Transmission Torque Converter Explained

Transmission Torque Converter

The automatic transmission torque converter is what provides the physical connection between the engine and transmission.

This fluid coupler operates through the principles of hydraulic force provided by 3 internal components (pictured below) and the hydraulic oil.

The torque converter takes the spinning motion of the crankshaft and applies that to the input shaft of the transmission.

A clever and ingenious part of this is that the converter automatically engages and disengages power from the engine to the drive line in relation to engine speed.

This low RPM area and when power begins to flow is known as stall speed. With the engine running at the correct idle speed there is not enough fluid flow for power to be transferred to the wheels.

This allows the engine to run at idle speed with almost no load, like the neutral position, without moving the vehicle in forward or reverse with the brakes lightly applied.

When the engine speed increases the increased fluid flow creates a sufficient amount of force to transmit the engine’s power and move the vehicle.

As an interesting side note I had a 1974 Dodge charger with Chrysler’s 904 3 speed automatic transmission. The torque converter malfunctioned internally and the stall speed disappeared.

Even though I had the engine idle set properly when I selected drive the engine would stall because of the internal problem. It took me a while to figure out what was wrong with it.

The Internal Converter Components

Torque Converter Diagram

The front side of the hard shell physically bolts to the engines crankshaft. This is usually done by either a fly wheel or a flex plate that provides this physical connection to the crankshaft.

The attaching bolts are usually coated with Loctite (very important) to prevent them from coming loose with vibration.

The backside has a hole in it where the input shaft of the transmission slides in and seals. Inside the transmission torque converter is always filled with fluid and as mentioned above it is this fluid that connects the two halves together.

The automatic transmission torque converter consists of three internal components to help control the fluid coupling between the engine and transmission.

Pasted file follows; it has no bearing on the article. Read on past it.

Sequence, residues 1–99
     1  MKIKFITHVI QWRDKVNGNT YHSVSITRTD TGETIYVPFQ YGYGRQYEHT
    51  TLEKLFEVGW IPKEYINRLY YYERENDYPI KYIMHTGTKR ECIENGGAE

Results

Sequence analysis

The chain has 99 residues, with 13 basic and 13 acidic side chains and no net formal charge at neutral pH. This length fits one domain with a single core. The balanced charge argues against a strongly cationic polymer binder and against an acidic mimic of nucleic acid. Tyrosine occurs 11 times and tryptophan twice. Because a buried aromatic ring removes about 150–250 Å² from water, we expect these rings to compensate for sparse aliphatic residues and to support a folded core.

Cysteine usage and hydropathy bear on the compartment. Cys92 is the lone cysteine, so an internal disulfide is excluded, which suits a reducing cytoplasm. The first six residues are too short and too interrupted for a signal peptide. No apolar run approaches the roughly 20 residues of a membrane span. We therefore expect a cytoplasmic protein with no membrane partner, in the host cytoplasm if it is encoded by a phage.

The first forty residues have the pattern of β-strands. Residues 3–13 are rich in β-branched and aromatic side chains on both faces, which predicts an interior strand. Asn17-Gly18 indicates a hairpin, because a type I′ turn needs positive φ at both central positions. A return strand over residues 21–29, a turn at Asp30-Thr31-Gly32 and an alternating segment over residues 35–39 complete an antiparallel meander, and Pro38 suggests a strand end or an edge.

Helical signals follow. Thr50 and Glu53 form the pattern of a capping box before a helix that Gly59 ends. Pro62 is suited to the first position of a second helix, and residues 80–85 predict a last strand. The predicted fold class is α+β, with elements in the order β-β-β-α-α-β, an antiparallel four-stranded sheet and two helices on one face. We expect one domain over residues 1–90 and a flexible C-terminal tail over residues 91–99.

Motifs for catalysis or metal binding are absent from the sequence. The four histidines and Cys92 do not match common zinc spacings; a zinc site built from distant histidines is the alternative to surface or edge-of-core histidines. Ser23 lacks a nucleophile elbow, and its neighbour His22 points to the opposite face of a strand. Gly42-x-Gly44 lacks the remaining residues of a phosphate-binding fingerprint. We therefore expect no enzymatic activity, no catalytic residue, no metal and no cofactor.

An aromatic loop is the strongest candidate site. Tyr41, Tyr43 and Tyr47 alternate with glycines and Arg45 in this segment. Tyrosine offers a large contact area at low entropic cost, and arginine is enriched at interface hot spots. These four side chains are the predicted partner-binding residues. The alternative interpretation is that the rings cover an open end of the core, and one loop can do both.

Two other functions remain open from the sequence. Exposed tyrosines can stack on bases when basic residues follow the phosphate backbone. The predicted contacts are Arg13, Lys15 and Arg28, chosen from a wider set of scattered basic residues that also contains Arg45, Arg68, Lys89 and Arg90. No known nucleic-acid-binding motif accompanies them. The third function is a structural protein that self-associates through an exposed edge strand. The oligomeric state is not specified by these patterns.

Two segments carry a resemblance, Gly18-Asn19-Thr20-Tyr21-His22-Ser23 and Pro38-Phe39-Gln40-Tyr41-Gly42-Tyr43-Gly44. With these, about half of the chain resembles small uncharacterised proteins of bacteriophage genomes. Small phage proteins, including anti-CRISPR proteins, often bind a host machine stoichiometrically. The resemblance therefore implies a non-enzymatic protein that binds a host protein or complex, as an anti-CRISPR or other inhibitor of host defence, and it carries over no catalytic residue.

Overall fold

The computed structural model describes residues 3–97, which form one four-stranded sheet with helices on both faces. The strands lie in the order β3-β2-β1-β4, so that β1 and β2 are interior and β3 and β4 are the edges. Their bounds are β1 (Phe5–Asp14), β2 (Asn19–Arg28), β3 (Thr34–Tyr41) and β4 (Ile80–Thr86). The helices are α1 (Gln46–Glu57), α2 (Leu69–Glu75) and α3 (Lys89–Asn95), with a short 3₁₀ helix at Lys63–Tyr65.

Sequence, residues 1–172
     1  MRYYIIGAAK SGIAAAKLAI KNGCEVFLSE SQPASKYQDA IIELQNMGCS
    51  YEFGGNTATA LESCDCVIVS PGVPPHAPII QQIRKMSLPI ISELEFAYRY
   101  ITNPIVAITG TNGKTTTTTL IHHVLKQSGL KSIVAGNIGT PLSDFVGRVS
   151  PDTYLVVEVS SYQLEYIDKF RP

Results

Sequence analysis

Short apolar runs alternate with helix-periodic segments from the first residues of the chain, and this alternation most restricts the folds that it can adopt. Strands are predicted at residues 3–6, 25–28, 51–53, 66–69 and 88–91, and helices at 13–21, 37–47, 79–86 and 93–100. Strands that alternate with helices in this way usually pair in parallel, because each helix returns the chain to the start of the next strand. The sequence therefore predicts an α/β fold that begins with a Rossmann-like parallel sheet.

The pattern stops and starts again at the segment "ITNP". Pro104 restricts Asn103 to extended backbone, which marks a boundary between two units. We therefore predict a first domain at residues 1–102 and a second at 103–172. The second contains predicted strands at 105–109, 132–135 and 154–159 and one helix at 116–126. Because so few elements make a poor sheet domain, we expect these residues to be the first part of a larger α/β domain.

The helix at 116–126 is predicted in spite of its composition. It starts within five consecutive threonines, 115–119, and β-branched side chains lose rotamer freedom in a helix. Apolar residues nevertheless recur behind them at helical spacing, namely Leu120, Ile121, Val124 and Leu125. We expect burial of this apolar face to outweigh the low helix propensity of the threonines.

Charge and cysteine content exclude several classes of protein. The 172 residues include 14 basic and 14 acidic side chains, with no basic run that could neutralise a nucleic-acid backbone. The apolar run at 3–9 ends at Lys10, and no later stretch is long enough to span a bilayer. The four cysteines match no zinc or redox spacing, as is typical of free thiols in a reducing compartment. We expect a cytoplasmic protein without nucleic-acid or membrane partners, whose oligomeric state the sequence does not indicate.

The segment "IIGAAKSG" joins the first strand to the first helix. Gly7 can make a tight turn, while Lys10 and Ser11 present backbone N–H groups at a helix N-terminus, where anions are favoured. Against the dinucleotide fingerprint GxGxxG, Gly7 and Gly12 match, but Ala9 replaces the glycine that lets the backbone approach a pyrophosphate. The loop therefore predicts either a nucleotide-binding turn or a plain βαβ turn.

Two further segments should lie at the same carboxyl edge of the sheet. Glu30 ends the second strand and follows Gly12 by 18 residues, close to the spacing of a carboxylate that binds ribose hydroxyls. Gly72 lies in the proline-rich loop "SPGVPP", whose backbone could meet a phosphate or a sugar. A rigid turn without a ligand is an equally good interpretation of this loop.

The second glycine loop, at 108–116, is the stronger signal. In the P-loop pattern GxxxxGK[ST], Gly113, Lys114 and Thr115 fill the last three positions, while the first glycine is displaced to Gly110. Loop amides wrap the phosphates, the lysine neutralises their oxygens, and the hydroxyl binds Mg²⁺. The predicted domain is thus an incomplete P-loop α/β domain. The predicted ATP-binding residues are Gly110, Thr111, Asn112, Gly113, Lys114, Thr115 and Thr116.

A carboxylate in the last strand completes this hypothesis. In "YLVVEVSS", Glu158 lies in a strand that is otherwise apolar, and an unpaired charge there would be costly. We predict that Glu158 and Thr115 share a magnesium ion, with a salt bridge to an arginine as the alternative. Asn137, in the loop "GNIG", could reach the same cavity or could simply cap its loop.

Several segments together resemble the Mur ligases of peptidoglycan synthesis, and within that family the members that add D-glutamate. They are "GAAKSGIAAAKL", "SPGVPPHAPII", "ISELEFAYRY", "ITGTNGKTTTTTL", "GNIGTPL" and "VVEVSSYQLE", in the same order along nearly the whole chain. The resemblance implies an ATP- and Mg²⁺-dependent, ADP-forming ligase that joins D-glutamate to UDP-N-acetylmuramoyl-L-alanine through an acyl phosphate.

The three components are a pump assembly often called an impeller, a stator assembly and the turbine.

Working from the flywheel side it is the impeller assembly or pump that is driven by the crankshaft.

Moving towards the rear of the converter it is the stator assembly that is in the middle and provides a smooth fluid reaction and torque multiplication that is generated from the pump.

The turbine side of the torque converter is what provides the movement to the input shaft of the transmission.

How the Torque Converter Works

If there is no fluid inside the torque converter, it will not move the vehicle. It’s this hydraulic fluid that pulls all the components together. As the crankshaft rotates the pump impeller provides a centrifugal force that throws the transmission fluid outward and upward due to the curve shape of the impeller blades.

The faster the impeller rotates the greater this centrifugal force becomes and more fluid is pushed outward with greater force.

This fluid then strikes the curved blades of the turbine causing the turbine to rotate in the correct direction. Now a stator is a device that mounts between the impeller blades and the turbine blades.

It basically provides an efficient fluid motion and smooth flow. A turbine is connected to a hub that has splines inside. The input shaft of the transmission slides into the turbine hub.

An interesting point to make here is a turbine and the impeller are running at close to the same speeds, but they’re not running at exactly the same speed, because of energy lost to the fluid.

This creates slippage that can harm fuel economy. It is for this reason that manufacturers came up with a way to lock it all together to spin at a one-to-one ratio. They do this with a clutch that is operated by a solenoid that is computer controlled.

In the right conditions the torque converter clutch is applied and the crankshaft and transmission input shaft spins at the same speed. This clutch needs to be disengaged when the brakes are applied or the engine will stall.

For more information on how this transmission torque converter works together with other drive-train parts head back to the start page for this repair module and more articles about the automatic transmission The homepage for the you fix cars website is up next and provides a rundown of what else you can find here. This next link takes you to the Homepage for